Monday, February 20, 2012

The rest of the trip - Crossnore, NC

On our way home from Asheville, we stopped in the small mountain community of Crossnore, which is the home of The Crossnore School.

"In 1913, before electricity and paved roads, Dr. Mary Martin Sloop founded a boarding school “in the middle of nowhere” for impoverished mountain children.  Today, almost a hundred years later, The Crossnore School has come full circle in once again providing a residential education for children in need, weaving together experiential learning and highly focused, individualized care."

This stone cottage houses The Crossnore Weaving Room - a working museum which is actually where the weavers have been since the school opened.  Some of the first looms are still here and on display. 

"Women would weave their rugs and clothes on looms in a special building at Crossnore, and sell their wares from the site. They would pass on their tradition to young Crossnore residents in the process.  Today weavers still ply their craft in the river rock building on the edge of campus and travelers the nation over visit to marvel over their skills and purchase unique items."

The cottage also now houses The Crossnore Fine Arts Gallery "which represents regional painters, sculptors and fine craft persons who want to take part in benefiting the children of The Crossnore School. The gallery specially supports the school's Stepping Stones program which transitions students from foster care to successful independent living."

Behind the stone cottage is a labyrinth and healing garden.  Not looking so great right now, but I'd love to go back this summer when things are green again to see what it's really like when it's alive.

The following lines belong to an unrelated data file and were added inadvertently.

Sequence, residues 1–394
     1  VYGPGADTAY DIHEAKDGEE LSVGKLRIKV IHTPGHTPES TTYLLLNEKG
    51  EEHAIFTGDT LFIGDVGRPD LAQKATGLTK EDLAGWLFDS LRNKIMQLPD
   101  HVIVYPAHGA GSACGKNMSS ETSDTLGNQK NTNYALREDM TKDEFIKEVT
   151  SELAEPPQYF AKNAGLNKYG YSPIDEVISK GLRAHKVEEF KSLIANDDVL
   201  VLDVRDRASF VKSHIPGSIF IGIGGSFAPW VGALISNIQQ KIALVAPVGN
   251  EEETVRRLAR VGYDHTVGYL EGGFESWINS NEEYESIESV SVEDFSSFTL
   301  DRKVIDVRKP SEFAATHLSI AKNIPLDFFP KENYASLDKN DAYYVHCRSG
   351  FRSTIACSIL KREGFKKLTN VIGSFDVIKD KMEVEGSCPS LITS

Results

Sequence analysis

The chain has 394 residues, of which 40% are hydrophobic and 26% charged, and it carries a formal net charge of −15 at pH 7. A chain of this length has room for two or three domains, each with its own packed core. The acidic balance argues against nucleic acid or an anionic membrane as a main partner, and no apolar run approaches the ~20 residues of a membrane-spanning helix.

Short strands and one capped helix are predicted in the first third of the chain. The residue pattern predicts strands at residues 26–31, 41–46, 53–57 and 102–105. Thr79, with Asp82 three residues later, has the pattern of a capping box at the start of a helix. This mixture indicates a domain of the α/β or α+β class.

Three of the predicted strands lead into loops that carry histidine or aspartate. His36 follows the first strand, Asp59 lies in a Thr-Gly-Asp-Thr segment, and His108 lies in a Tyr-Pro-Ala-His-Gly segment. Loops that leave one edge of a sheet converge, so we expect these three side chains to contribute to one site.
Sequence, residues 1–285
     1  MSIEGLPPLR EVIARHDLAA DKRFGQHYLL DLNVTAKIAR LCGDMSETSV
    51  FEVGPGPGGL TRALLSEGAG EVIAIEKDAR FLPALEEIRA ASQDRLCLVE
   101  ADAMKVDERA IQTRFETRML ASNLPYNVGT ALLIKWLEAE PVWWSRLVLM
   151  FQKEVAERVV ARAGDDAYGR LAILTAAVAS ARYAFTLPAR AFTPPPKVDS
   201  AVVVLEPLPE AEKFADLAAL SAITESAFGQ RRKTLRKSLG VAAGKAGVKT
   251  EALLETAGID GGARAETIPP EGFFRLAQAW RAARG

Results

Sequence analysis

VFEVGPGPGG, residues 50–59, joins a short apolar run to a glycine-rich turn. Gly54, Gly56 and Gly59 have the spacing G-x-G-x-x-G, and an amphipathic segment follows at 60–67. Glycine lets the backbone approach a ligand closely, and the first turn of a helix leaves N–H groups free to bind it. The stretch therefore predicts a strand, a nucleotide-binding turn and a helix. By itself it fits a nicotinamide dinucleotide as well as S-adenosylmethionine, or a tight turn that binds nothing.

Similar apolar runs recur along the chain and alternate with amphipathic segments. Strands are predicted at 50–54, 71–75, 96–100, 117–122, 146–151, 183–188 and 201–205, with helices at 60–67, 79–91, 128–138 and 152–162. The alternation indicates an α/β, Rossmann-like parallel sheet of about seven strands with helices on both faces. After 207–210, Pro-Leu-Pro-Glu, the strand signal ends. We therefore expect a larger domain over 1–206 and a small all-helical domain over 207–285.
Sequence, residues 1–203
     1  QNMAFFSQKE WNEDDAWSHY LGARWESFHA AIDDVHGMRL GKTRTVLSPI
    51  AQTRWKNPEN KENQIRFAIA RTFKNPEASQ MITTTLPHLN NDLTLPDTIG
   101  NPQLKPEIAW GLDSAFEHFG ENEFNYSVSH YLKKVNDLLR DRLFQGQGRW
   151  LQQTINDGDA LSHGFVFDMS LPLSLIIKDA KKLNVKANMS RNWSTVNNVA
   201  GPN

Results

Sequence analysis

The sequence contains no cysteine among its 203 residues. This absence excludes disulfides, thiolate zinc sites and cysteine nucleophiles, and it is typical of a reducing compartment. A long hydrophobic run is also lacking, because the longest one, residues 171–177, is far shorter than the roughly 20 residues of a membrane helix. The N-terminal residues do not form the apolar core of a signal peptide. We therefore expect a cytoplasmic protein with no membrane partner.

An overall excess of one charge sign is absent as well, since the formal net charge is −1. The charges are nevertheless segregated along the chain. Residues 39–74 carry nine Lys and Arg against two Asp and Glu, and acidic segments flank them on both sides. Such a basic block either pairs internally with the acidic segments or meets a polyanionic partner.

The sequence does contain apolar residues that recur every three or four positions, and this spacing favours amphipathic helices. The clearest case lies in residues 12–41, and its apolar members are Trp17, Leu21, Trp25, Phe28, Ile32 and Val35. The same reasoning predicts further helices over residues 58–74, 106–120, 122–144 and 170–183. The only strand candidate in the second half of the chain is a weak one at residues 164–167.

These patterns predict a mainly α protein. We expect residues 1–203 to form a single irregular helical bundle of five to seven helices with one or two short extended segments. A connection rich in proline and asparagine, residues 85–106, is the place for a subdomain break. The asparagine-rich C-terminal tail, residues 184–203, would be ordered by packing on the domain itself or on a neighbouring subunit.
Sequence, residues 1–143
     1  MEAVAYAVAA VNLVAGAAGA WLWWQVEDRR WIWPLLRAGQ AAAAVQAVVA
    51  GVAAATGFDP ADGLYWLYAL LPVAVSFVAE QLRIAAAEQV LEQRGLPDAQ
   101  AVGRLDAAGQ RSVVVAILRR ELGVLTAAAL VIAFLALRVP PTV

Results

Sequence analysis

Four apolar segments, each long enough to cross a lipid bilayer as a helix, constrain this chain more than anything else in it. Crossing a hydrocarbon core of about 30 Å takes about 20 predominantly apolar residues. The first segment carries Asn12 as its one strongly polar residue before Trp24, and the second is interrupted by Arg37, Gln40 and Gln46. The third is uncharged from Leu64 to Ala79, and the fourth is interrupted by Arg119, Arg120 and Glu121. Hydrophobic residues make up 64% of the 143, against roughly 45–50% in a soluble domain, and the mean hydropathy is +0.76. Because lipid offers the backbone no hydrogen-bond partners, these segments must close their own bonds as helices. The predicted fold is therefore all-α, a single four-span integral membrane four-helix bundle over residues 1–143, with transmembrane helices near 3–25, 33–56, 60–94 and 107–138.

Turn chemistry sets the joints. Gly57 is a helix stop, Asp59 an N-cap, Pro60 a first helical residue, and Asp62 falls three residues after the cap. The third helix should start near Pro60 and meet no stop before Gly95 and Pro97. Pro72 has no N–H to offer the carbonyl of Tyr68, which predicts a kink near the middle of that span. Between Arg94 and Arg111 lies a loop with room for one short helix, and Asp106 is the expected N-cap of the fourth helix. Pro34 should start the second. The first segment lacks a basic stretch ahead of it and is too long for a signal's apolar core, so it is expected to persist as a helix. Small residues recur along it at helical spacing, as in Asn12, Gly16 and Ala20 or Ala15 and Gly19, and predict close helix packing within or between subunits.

And next to this wonderful labyrinth complete with some ancient looking statuary and one lone stone wall with windows

is a delightful sculpture built over a creek.  The sculpture is named "Follow the Dream."

Crossnore is one of those small towns tucked into these mountains that seems frozen in time.

We love it, and expect some of you might also.  Others, however, seeking a more lively sort of entertainment would not be as charmed by its simplicity.  Which is, I suppose, one of the reasons it remains exactly what it is.  Which suits us to a "T."


Elizabeth Spann Craig said...

What a beautiful place! We'll have to make plans to see it when we're over that way. Thanks, Kaye!

bo parker said...

Wow! My brother-in-law once lived in Spruce Pine. I thought I'd visited every little town in the region, but missed Crossnore. It makes me want to go back.
Speaking of weaving ... Donald's loom has been in the background of a posted pix or two. When do we get a view of his work?

Kaye Wilkinson Barley - Meanderings and Muses said...

Elizabeth - you will love it! And Chloe will too (they're very doggie friendly - & use dogs as therapy for some of the students).

Bo - your brother was within spitting distance of Crossnore! Donald hasn't woven anything on that loom in FOREVER! But, another good thing about the stop in Crossnore, it seemed to stir the beginnings of wanting to get back to it. There are classes offered by The Crossnore Weavers twice a year, and Donald asked to be put on the mailing list for the next class which will be held in June. I'll keep you posted!